Microsoft either has a short memory or a sharp sense of irony — it's asking the Justice Department to investigate Google's proposed purchase of DoubleClick for possible antitrust violations.
The deal would give Google a large network of advertisers and Web publishers to serve and sell ads to, along with boosting the search giant's banner-ad business, which lags behind a similar service from rival Yahoo.
Microsoft's apprehension is well founded, but perhaps the company should save its strength and resources for the real battle that's looming: the threat from online software applications.
I got a first-hand glimpse of Google's intentions in this space a few years ago, after spending some time with the founders of Picasa.
Back then, Picasa was a standalone, client-based photo manager and was having trouble getting any market traction because of the glut of similar products. But I was intrigued with the visual approach it took to photo management, one similar to that of Apple's iPhoto software.
I was impressed enough to recommend to one of the photo-software companies I was working that it should buy Picasa and incorporate the visual-management features into that company's own client-based photo software.
When I contacted the folks at Picasa about the potential of licensing the technology or buying the company, they told me they might be interested, but were already in discussions with another suitor and would get back to me if it fell through.
Days later I got a call from them and was told that the software had been bought and the company was no longer interested in my proposal. A few weeks later it became public news that Google had bought Picasa.
With this key acquisition, Google started down the path toward providing actual applications online as part of its broader service offerings.
Since then, the company has acquired products for word processing and spreadsheets, and CEO Eric Schmidt recently announced a soon-to-be-released presentation product as well, thanks to Google's acquisition of Tonic Systems.
It has also acquired video-conferencing technology from Sweden-based Marratech and a Wiki-like application from JotSpot.
And of course, Google already has a popular e-mail application in Gmail. I wouldn't be surprised if news were to come out that the company has bought or licensed technologies for project management and online collaboration.
Behind all this is Google's understanding that the future of software lies in Web-based applications.
At the moment, Microsoft does not see these apps as much of a danger, because most of the current Google applications are aimed at consumers instead of enterprise business users, the bread-and-butter audience for Microsoft Office and related business products.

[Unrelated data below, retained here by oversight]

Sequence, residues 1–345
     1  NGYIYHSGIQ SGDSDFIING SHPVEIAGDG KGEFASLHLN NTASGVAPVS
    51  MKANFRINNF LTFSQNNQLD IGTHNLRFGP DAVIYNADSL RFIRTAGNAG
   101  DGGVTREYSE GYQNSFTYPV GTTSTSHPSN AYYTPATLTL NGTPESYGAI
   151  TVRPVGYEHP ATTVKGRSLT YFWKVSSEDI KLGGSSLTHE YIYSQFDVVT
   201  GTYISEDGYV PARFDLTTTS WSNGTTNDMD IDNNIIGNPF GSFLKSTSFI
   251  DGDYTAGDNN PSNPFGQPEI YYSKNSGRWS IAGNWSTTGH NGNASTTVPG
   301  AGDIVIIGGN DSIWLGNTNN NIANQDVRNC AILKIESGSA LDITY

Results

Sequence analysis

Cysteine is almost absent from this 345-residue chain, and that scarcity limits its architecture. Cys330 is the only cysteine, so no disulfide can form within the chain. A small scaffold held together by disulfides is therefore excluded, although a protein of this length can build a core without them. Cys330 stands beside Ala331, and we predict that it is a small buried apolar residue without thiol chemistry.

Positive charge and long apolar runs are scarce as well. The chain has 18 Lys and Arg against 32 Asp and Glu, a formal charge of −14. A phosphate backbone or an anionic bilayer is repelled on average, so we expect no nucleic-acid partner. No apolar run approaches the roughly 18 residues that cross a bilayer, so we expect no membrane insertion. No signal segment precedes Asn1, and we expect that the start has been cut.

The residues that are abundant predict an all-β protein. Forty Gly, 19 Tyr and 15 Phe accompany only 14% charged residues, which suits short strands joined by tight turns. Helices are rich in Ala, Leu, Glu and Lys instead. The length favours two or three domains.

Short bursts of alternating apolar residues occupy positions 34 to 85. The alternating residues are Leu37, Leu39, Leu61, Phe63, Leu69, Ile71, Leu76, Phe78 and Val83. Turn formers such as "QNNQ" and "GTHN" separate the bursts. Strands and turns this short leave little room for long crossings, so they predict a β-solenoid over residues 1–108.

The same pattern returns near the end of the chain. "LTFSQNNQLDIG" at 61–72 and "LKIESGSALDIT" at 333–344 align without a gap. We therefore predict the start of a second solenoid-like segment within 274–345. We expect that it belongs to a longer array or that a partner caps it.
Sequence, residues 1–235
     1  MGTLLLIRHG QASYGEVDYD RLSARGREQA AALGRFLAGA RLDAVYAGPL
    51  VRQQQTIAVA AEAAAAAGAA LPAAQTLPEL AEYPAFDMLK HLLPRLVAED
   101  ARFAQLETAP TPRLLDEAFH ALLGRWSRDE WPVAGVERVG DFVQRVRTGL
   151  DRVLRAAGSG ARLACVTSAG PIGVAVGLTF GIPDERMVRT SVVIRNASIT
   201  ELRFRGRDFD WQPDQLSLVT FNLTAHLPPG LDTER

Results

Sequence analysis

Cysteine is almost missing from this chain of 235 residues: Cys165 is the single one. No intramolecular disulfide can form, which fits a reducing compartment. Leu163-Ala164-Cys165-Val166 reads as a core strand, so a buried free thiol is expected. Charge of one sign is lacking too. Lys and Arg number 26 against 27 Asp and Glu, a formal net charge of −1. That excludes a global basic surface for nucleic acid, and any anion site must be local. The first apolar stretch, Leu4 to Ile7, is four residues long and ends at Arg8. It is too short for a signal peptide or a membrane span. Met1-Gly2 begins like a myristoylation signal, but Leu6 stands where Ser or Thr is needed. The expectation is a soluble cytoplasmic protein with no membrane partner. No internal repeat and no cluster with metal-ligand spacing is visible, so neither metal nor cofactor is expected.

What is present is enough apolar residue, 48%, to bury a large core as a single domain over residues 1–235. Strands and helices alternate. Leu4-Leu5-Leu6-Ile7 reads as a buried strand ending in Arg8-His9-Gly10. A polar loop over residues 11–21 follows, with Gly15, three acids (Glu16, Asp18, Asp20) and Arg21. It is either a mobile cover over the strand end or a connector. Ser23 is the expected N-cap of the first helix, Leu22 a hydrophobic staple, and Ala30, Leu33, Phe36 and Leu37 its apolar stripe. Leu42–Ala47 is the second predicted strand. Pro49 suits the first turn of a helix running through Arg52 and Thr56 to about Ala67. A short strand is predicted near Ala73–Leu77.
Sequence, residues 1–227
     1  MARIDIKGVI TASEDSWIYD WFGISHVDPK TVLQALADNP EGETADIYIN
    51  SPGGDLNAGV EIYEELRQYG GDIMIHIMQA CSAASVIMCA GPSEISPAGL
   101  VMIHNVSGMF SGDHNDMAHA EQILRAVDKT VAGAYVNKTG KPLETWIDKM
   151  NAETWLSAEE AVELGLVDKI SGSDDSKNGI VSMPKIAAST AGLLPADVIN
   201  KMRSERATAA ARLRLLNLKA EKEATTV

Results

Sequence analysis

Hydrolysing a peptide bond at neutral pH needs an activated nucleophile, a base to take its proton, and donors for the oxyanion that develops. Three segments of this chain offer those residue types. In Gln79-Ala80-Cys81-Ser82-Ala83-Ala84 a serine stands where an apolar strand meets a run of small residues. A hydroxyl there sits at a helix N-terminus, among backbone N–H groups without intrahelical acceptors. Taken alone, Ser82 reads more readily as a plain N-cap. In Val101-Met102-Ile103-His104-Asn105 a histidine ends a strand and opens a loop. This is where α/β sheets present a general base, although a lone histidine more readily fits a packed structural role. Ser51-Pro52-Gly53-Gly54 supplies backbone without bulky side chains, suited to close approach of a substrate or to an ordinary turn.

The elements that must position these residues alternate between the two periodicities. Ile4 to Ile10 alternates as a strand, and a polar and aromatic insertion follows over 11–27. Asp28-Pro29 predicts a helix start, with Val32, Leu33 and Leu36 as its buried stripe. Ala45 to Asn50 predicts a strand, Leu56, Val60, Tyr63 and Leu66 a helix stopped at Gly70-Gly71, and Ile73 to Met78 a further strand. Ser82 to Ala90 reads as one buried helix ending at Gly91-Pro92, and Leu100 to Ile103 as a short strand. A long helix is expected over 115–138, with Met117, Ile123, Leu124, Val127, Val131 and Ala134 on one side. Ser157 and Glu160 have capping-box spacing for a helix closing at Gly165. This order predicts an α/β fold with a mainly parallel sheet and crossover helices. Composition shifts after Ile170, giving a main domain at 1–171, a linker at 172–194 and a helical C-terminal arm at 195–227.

Over time, though, online applications like Google's will become a real threat to Microsoft's Office franchise. Just ask the folks at Seibel.
The Seibel Story
For most of the 1990s, Siebel was the leading supplier of sales force automation (SFA) software, and its offering was strictly a client/server-based product.
But around 1995, a small company named Upshot created an online SFA product that, at first, got attention only from small and midsize companies.
To Upshot's own surprise, its online solution soon started selling to sales divisions inside some very large companies, such as Xerox, which wanted a fast way to get a single sales division up and running on a solid SFA solution.
Then Salesforce.com came out with an even richer solution, and it too found that although its core customers had been midsize companies, the product was starting to attract large enterprise customers who did not want to make the time, money, and IT investment on client/server-based applications such as Siebel's.
But even with Salesforce.com snapping at Siebel's heels, it took Siebel a long time to realize that this online application threat was real.
By then, the company was so far behind it had to buy Upshot in order to compete with Salesforce.com, which was eating into its core business.
Besides the basic Web-versus-client question, two other important issues are cost and revenue — and here again, Microsoft has cause to worry.
Google apps are free and basically ad-supported, although it does have a premium version of Docs and Spreadsheets that can be licensed for $50 a year.
Microsoft Office is still the leading business platform for applications, but it is expensive. And though it sports a lot of great features, it can be overkill for many of the companies that use it.
Revenue from Office stands in the way of the software going Web-based.
Microsoft could follow in Google's footsteps and create online versions of the popular Office tools, but as the current applications bring in a significant part of its revenue, choosing the right time for a total switch to Web-based solutions will be a very tough call.
All the while, Google is free to innovate with apps online and push hard into Microsoft's territory, knowing full well that Redmond will struggle with this issue for quite some time.
Like Salesforce.com, Google does not have to worry about legacy revenues from current applications, so it can afford to be aggressive with online applications of all types, including ones that go after serious business users.
As bandwidth increases and Internet connections become more ubiquitous, it is inevitable that applications of all types will go Web-based.
Given Google's ability to move quickly in this space, Microsoft has a lot more to worry about than Google's proposed acquisition of DoubleClick.
Tim Bajarin is one of the leading analysts working in the technology industry today. You can find out more about his company at www.creativestrategies.com, and you can e-mail him directly at email@example.com.
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